Author Topic: Case Study - how soon can I FIRE?  (Read 880 times)

Lady Stash

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Case Study - how soon can I FIRE?
« on: December 10, 2018, 09:29:00 PM »
Case Study - 
Life Situation: Single, 44 with no dependents.  I've worked in tech for many years.  I love hands on tech work and managing teams but I want to quit working for someone else and try to start my own company.  I'd rather create a product than do consulting so I won't have an immediate (or perhaps ever) income. 

Here are my numbers:

Total net worth: 1,260,000 (650K house, 610K investments)
Current salary: 160K
Pre-tax deductions:  401K - 18,500.  HSA 3,000
Bi-weekly paycheck after taxes, health insurance, deductions etc:  $3,150.

Monthly Expenses:  
Property Tax:  $290
Home Insurance:  $80 
Gas/Electricity- 80
Water/Sewer- 100
Internet - 40
Phone - 70
House Projects - 100
Car Insurance - 160 *
Gas - 200 * 
Car Maintenance - 50
Health Insurance - 200 **
Medical - 100
Dog- 40
Food- 600 * 
Clothes - 100
Hobbies - 50
Travel - 50
Gifts - 50
2360*12=28,320 yearly.
*I expect these three to drop by about $350 when I stop commuting 40 miles each day and have more time to cook.  That brings monthly expenses to around 2K, which I could cover with a 4% withdrawal rate.
**This assumes a lower income and ACA health coverage.  Without that, this increases to $700/month
House (HCOL):  650K with new roof on it.

Non-retirement:     53K
Roth IRA:               86K
IRA:                      460K
401K:                    6K
HSA:                     7K
Total.                   612K

Paid for car with 13K miles on it.      
More details
My home has 4 bedrooms and I only use 2 of them (for a bedroom and study).  In the past I've rented the other rooms out.  I just moved back in and listed them on Craigslist but haven't found anyone I'd enjoy living with yet.  It appears I'd get about $1800/month for both rooms or $1100 for just the larger.   I can't count on this consistently since I'm pretty picky about who I live with but it could be a nice cushion.   Or I could downsize the house a bit to free up more cash.
My budget is tight, especially when I eventually need a new car/roof in 15 years or if ACA goes away.   I've lived on less for a couple years but long term I will need income from somewhere to give me breathing room.  If my business makes an income that would be great.  A couple roommates would help.  I may eventually inherit a few hundred thousand dollars, though again I can't count on that.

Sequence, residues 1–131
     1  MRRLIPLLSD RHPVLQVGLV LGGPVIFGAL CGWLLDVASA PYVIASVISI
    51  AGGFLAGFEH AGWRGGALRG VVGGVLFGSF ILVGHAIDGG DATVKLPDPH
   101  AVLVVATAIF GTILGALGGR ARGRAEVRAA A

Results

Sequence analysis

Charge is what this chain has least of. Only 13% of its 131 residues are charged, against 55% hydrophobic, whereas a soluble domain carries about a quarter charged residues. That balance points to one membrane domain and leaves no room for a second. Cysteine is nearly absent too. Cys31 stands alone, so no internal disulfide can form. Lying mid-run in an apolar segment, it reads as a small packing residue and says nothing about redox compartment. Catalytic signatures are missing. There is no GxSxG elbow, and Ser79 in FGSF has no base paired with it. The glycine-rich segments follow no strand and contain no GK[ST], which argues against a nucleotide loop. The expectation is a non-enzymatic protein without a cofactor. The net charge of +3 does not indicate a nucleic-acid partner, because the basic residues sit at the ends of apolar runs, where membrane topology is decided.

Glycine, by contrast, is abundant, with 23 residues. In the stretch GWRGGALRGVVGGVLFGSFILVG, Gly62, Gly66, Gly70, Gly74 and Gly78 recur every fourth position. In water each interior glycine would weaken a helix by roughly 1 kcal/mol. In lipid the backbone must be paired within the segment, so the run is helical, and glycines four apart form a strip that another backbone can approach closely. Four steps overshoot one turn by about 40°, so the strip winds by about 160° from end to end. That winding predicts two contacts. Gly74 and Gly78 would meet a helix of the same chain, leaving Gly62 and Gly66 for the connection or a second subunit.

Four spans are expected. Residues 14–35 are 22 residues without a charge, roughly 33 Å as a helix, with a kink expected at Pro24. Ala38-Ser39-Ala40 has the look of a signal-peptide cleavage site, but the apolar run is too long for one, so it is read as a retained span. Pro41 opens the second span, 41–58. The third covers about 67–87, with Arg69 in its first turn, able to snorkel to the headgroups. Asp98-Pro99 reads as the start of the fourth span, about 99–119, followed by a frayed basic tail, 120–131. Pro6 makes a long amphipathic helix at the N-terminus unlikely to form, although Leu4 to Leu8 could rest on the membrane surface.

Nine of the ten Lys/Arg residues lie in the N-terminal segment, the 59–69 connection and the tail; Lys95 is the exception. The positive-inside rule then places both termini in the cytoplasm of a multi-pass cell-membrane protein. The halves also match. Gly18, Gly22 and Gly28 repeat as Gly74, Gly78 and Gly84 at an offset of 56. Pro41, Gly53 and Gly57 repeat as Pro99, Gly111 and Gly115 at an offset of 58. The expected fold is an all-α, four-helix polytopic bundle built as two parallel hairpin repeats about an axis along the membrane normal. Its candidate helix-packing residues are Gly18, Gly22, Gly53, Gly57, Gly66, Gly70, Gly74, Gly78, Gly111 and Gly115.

I have a tight budget and a few *maybe* ways to give me more breathing room.  It would be safer to stay at my current job a few more years but emotionally I am done.  I'd rather live on a very tight budget than continue to work this job and that's not like me.   I usually enjoy my work.   It's a decent company so I don't think finding another job is the right answer.

The hardest part of this decision is that once I leave this job it's a one way door.  I likely won't be able to come back. 

I can't imagine not finding some kind of profitable enterprise which I enjoy in the next few years but the unknown of it is a bit scary.

What would you do?


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Re: Case Study - how soon can I FIRE?
« Reply #1 on: December 10, 2018, 09:51:46 PM »
We have been talking a lot about being dissatisfied with our current situation and wanting to make a change, while also having good jobs for good companies. We are a little further away from our FI number than you. We discuss all sorts of ideas like sabbatical, moving to another place, but the easiest thing now is to just cut back on the hours in an attempt to find some balance. Can you go part-time and use your new free time to think harder about what you really want out of life? Do some traveling to check out lower COL areas and mentally try on the idea of moving? Spend more time with hobbies or friends or family?


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Re: Case Study - how soon can I FIRE?
« Reply #2 on: December 11, 2018, 06:11:07 AM »
So, basically, what I see: